The Dow Jones Industrial Average reached its all-time high of 26,616.71 on Jan. 26. Driving the market’s surge over the decade have been a strengthening economy, rising corporate profits, and a massive tax cut signed into law late last year.
The Dow has been building on its 25% gain in 2017, its best year since 2013. It took 14 years for the index to rise from 10,000 to 15,000 but just three and a half to reach 20,000 in 2017.
Since late January, the closely watched stock market gauge has given back all of its gains this year as investors are concerned about President Donald Trump’s tariff announcement and the possibility the Federal Reserve will continue to hike rates to curb inflation.
The DJIA is a price-weighted average of 30 large American companies. Fluctuations in the Dow often reflect overall market conditions. The index currently contains companies such as the world’s largest retailer Walmart, media juggernaut Disney, global financial institution J.P. Morgan, aerospace and defense giant Boeing, and the newest member as of 2015, tech behemoth Apple. The only company remaining from the original list of 12 is industrial conglomerate General Electric.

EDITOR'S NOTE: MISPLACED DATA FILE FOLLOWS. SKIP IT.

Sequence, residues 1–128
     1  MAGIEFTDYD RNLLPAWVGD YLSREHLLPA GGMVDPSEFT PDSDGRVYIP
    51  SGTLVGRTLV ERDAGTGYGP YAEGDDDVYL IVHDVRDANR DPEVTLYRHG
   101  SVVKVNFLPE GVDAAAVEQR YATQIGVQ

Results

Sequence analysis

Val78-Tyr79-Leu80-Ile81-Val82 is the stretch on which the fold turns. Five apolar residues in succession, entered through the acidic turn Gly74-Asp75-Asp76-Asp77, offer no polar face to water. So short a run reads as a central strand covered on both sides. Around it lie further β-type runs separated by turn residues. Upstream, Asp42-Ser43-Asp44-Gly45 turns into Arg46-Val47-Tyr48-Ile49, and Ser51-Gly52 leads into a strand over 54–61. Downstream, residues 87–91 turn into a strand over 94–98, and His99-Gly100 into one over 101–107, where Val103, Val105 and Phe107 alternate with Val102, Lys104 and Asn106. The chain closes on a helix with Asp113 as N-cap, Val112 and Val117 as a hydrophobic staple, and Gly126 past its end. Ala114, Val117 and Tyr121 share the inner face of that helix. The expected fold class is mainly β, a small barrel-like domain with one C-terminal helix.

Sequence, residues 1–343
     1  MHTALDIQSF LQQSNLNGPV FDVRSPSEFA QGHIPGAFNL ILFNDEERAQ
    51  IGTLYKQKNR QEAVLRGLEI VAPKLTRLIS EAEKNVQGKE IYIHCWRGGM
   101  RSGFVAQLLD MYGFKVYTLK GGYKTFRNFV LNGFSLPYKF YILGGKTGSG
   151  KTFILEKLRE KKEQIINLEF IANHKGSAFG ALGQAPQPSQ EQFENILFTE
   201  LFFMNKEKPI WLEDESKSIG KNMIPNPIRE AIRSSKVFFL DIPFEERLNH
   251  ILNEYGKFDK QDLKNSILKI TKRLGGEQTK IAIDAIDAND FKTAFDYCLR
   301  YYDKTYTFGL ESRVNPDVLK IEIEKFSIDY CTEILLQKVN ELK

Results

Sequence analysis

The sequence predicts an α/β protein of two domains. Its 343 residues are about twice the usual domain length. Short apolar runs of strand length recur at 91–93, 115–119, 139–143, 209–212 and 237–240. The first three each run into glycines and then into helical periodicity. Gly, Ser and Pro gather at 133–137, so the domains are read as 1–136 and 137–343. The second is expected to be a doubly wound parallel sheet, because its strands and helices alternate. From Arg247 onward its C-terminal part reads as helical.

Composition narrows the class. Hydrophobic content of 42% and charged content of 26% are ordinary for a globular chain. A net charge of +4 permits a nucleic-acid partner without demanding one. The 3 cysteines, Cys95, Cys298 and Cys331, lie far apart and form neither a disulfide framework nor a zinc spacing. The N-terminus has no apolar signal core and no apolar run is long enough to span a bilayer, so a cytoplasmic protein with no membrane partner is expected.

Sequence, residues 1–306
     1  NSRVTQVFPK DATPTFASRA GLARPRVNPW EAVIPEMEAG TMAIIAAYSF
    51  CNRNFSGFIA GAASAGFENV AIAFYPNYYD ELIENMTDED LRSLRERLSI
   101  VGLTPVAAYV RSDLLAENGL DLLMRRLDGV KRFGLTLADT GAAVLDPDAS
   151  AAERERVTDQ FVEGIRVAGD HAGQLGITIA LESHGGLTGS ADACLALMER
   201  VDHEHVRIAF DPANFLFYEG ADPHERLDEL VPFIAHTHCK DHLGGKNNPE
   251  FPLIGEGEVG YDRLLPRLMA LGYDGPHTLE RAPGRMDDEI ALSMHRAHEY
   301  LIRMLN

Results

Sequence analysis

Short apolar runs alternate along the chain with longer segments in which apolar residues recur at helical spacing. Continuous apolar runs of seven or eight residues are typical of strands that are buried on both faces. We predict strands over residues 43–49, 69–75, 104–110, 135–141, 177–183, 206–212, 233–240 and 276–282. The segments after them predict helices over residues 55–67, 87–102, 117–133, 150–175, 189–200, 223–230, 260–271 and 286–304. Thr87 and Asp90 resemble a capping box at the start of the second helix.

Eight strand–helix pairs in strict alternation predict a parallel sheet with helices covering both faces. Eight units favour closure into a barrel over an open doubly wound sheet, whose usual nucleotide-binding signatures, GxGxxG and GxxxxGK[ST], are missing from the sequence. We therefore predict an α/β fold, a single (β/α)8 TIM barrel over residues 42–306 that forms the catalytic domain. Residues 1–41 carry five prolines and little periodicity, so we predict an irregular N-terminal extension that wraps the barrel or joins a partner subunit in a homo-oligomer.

The companies comprising the Dow change over time to reflect the changing economy. Since the creator of the index, Charles Dow, was also the founding editor of The Wall Street Journal, editors at the publication select the companies that comprise the index. Since its inception in 1896, when only 12 companies comprised the average, the Dow has changed 51 times.
The companies currently listed in the Dow are: 3M, American Express, Apple, Boeing, Caterpillar, Chevron, Cisco, Coca-Cola, Disney, DowDuPont Inc, Exxon Mobil, General Electric, Goldman Sachs, Home Depot, IBM, Intel, Johnson & Johnson, JPMorgan Chase, McDonald’s, Merck, Microsoft, Nike, Pfizer, Procter & Gamble, Travelers Companies Inc, United Technologies, UnitedHealth, Verizon, Visa, Wal-Mart,
24/7 Wall St. determined the value of the Dow Jones Industrial Average each year since 1929.